Helping Your Child Succeed in School

There are many ways to help your child succeed in school, and none of them require extra homework for you or your child.

When Your Child Is in Preschool

  • Surround your child with books and read to your child every day.
  • Let your child see you reading books.
  • Turn off the television and computer.
  • Give children the opportunity to play with toys that allow them to develop creativity. For instance, crayons, playdough, building blocks and dress-up clothes.
  • Give your child plenty of unstructured time to run outside, sit quietly and read or create new games.
  • Consider letting your child start kindergarten when slightly older, especially if you have a boy.
  • Teach your child to listen and follow directions.

When Your Child Is in Elementary School

  • Structure your schedule so your child is able to sleep for at least 10 hours each night. Children are more likely to learn if they're not tired. If your child snores loudly every night, alert your pediatrician — your child may not be sleeping properly.
  • Make sure your child eats breakfast every day. Children who eat breakfast do better in school, especially on tasks that require memorization. Breakfast needs to include protein — like meat, eggs, beans or dairy — to assure the child's blood sugar level remains steady during the morning.
  • Consider giving your child a multivitamin with iron. Children often don't eat much meat, and kids who are iron-deficient may have more difficulty learning. Some studies show that magnesium and zinc can also help with learning and paying attention, and these minerals are usually included in a multivitamin.
  • You may want to consider giving your child an omega-3 supplement, like flax seed oil.
  • Continue to read to your child every day, or allow your older child quiet reading time.
  • Let your children see you reading and continuing to learn.
  • Set aside a specific time each day for homework. If possible, allow your child to play and have a snack after school before beginning homework.
  • Continue to limit the amount of time your child spends watching television or playing video games to less than one hour per day. Children who watch less television and spend less time in front of a computer screen do better at paying attention in school.
  • Don't allow your child to have a TV or computer in his or her bedroom. Children who have televisions and computers in their bedrooms don't do as well in school.
  • Enjoy meals together, and spend the time sharing ideas with each other. Children who eat dinner with their families do better in school.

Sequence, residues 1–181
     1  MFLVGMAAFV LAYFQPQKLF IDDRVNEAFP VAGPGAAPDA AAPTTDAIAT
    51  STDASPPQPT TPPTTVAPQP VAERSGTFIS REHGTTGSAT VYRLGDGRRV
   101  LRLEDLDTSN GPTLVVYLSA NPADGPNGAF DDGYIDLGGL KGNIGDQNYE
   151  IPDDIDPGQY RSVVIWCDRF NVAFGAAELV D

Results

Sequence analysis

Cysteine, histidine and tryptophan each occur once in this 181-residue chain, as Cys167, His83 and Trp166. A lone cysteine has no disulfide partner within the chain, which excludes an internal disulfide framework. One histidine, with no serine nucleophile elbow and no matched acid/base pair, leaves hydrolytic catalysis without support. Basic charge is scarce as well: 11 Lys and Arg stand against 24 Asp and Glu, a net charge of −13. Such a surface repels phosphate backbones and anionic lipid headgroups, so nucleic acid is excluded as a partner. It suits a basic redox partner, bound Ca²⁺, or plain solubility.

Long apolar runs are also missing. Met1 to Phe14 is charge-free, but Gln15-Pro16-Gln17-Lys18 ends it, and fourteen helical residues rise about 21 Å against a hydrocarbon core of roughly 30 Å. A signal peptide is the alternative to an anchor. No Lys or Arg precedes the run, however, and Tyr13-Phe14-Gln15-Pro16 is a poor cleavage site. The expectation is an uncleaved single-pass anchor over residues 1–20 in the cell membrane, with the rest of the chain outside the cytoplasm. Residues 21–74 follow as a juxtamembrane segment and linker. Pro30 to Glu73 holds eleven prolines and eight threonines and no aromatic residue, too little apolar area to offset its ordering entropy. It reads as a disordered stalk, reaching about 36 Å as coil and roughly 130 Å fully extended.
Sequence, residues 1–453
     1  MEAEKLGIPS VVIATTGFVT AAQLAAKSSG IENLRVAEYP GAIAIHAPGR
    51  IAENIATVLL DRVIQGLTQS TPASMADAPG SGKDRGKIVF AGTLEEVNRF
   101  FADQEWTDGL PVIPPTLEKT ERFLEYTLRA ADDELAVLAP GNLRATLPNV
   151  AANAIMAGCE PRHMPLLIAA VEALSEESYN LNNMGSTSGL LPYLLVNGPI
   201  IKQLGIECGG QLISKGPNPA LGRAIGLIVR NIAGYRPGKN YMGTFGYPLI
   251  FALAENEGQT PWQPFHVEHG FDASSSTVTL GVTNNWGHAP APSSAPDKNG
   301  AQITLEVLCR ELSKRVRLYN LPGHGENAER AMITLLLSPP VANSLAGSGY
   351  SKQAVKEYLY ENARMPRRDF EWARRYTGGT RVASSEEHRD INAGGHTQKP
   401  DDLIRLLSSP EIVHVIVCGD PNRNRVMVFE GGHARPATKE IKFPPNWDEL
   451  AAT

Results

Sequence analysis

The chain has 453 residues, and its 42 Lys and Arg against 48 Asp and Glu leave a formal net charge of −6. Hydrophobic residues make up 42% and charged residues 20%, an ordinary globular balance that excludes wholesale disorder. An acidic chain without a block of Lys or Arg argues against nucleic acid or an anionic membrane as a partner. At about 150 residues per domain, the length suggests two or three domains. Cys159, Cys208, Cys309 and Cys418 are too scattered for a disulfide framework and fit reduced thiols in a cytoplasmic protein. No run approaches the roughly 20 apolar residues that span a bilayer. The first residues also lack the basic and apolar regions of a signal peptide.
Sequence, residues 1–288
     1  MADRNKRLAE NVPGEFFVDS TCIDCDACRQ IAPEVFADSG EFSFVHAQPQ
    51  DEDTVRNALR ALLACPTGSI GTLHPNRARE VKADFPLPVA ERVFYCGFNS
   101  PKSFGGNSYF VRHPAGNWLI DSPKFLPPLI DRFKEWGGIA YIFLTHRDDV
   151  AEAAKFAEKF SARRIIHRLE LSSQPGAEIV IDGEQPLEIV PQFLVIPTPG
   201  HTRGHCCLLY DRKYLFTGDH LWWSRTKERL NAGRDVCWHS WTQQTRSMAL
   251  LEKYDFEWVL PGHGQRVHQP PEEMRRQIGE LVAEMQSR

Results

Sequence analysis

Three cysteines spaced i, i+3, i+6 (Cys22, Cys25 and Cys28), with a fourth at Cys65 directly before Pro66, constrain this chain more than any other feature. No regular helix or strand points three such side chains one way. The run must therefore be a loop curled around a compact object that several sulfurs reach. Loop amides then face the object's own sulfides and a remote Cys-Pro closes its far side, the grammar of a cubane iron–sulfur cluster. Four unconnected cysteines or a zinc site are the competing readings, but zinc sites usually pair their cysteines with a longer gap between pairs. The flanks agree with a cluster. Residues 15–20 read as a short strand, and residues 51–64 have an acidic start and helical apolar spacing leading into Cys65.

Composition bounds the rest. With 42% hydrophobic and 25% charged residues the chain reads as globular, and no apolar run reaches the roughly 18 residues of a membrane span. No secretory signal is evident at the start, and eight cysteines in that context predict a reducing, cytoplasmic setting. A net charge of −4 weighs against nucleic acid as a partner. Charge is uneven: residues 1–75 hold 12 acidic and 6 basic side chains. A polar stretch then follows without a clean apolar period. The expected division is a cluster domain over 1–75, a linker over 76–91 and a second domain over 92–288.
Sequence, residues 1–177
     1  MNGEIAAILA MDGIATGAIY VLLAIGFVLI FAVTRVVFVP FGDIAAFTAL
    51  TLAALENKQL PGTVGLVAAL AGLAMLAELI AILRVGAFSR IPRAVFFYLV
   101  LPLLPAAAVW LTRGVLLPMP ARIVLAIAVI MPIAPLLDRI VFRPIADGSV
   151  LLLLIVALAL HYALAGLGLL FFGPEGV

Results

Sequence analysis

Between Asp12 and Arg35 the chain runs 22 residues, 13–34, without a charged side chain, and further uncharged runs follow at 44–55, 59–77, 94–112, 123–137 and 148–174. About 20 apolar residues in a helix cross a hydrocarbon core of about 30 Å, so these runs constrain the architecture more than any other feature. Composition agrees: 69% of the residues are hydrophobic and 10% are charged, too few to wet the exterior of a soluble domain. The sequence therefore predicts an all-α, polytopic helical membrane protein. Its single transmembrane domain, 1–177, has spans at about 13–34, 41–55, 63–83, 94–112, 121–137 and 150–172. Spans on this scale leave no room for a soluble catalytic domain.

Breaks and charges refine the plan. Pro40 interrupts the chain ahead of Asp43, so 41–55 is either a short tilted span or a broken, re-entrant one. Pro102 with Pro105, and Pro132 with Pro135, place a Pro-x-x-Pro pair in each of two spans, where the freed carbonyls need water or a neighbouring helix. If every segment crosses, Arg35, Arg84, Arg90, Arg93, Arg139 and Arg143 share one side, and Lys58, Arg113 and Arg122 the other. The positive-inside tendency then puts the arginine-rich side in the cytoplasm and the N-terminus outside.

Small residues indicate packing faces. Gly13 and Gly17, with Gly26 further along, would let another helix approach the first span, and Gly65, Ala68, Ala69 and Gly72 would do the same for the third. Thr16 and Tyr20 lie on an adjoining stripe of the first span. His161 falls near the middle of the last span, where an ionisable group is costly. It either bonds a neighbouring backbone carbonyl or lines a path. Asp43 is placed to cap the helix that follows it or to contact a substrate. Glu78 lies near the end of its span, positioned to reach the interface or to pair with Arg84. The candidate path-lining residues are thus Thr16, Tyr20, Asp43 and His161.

Homework Hints

Homework is important because it teaches children responsibility. Children also learn how to begin and finish a task, follow directions and organize their time. Children do better in school if their parents show an interest in homework — but this does not mean the parent should be the teacher or do the homework for their child.

Your child should have a proper study area for doing homework.

Anyplace can work, so long as:

  • It has good lighting
  • It is quiet, with no disruption from the TV or radio
  • Each child has his or her own place
  • Younger children — kindergarteners to third-graders — are close to adults

All supplies your child might need should be kept close to the study area.

You can keep all the supplies in a cardboard box. Scissors, crayons, markers, pencils, pencil sharpener, erasers, paper and glue should be kept together.

Homework time must be scheduled into your child's daily routine.

You can help your child fit in time for homework by:

  • Writing out your child's schedule for each day
  • Deciding on a time for homework each day
  • Telling your child he or she must do homework or read during homework time
  • Having older children write their assignments for the week or month on a calendar

Children should do their homework without the parents' help.

You can check that your child has all the needed supplies, read the directions with your child and answer any questions your child has, and offer praise and encouragement. However, your child should do the homework.

If your child is having difficulty with a homework assignment, please let your child's teacher know as soon as possible.

 

Reviewed by health care specialists at UCSF Benioff Children's Hospital.

This information is for educational purposes only and is not intended to replace the advice of your doctor or health care provider. We encourage you to discuss with your doctor any questions or concerns you may have.

Related Information

UCSF Clinics & Centers

Primary Care

Pediatrics at Mount Zion
2330 Post St., Suite 320
(Suite 260 for Acute Care)
San Francisco, CA 94143-1660
Phone: (415) 885-7478
Fax: (415) 885-3790